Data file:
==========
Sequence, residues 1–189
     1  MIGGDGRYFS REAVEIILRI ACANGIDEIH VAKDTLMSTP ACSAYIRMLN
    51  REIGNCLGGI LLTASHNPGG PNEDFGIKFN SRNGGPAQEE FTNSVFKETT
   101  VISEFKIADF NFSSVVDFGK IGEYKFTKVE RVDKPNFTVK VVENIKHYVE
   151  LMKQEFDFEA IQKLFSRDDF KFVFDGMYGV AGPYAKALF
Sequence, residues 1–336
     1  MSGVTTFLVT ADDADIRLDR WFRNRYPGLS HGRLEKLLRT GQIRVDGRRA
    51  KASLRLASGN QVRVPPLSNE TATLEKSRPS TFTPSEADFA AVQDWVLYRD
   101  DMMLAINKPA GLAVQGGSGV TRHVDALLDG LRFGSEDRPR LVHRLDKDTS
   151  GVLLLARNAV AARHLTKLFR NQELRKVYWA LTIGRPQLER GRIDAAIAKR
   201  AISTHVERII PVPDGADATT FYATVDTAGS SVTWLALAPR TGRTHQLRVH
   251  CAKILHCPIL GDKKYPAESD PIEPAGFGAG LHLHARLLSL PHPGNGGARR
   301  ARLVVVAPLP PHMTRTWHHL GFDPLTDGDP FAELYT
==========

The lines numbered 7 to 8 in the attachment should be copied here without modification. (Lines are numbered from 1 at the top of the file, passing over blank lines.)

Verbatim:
     1  MSGVTTFLVT ADDADIRLDR WFRNRYPGLS HGRLEKLLRT GQIRVDGRRA
    51  KASLRLASGN QVRVPPLSNE TATLEKSRPS TFTPSEADFA AVQDWVLYRD